The CFD index fell by around 20% this month, not because contract prices fell, but because nine of the 16 CFDs included in the index have terms of five years or greater. This tends to average out some of the high prices currently making up the ASX forward curve.
Four CFDs have terms of 10 years. FPVV terms are also longer than the typical, but none went beyond five years.
The main contract index rose 0.9% to hit 11.4 cents/kWh.
The rise in futures prices across the entire four years in the forward curve, since early February has been unprecedented in our market since the futures first listed in July 2009. But then so is a major war in Europe, at least as far as its impact on global energy prices is concerned.
Inflows into southern hydro lakes are also about as low as they get for this time of year, with Manapouri at a record low level.
As far as we can tell, the futures prices rose due to a combination of concerns about the cost of coal in case we have a prolonged dry period, along with a recently announced outage for the Taranaki Combined Cycle plant (TCC) early this winter.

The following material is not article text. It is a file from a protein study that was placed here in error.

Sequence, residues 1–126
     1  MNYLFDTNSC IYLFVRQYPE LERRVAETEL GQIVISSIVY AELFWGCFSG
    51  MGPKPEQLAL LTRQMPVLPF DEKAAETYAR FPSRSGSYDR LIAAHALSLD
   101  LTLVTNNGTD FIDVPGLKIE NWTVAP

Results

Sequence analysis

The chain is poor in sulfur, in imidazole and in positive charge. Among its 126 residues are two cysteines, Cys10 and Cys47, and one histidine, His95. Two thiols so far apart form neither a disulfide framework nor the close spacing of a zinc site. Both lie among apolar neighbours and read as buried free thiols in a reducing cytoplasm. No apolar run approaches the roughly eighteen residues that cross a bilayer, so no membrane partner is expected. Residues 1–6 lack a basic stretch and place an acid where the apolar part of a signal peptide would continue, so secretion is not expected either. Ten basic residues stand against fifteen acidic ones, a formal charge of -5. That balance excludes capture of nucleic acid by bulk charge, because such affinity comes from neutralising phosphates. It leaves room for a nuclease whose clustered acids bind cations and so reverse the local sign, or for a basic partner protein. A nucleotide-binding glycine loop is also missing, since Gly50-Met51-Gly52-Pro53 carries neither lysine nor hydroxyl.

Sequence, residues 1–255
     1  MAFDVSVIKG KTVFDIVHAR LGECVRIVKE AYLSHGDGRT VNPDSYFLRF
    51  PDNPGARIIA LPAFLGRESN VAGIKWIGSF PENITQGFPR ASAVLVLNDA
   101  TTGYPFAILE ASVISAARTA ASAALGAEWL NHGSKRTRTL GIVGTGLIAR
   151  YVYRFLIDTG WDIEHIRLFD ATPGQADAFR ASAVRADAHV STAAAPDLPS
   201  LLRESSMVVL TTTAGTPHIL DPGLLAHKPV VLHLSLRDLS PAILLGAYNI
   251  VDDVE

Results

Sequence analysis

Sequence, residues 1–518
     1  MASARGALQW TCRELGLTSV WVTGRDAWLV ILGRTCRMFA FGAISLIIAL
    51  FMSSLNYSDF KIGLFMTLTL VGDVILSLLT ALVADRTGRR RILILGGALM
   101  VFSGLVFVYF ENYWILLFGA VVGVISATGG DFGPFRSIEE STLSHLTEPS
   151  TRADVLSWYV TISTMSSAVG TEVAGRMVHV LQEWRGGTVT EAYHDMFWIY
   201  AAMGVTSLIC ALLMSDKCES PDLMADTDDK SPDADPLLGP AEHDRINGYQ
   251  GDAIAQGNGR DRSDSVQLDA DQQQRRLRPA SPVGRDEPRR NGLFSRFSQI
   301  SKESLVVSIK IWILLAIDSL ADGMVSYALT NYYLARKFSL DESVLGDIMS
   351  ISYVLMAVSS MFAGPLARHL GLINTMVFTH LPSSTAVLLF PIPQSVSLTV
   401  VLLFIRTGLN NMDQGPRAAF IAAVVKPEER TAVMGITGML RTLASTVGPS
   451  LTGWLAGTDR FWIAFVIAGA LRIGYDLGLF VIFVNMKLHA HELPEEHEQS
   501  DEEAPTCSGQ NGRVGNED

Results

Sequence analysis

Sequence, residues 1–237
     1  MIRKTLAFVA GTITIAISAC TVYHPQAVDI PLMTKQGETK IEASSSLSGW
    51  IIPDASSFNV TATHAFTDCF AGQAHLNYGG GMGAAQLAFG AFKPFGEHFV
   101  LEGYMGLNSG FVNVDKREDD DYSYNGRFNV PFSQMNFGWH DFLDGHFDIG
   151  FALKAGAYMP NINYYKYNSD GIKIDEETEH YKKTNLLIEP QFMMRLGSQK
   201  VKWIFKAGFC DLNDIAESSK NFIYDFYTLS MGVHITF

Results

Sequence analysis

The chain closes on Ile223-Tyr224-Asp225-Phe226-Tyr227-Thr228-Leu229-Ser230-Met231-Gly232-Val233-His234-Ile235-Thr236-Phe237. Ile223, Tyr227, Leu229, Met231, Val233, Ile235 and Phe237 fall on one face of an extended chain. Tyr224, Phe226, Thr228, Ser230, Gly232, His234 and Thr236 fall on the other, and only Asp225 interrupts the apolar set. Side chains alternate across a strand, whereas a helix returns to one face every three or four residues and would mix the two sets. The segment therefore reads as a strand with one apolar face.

Another contributing factor is that inflation, here and overseas, is reversing the downward trend in the cost of new renewable generation, at least for the time being.
The phrase "the perfect storm" springs to mind when we look at how these factors all tend to push prices up, with the only downward pressure coming from a substantial pipeline of new renewable generation coming on stream starting in the near future.
Concerns about the cost of coal also appear to influence the futures prices beyond this winter, although reliance on coal-fired generation at Huntly is expected to fall off rapidly going into 2023, and the overall gas supply situation is steadily improving.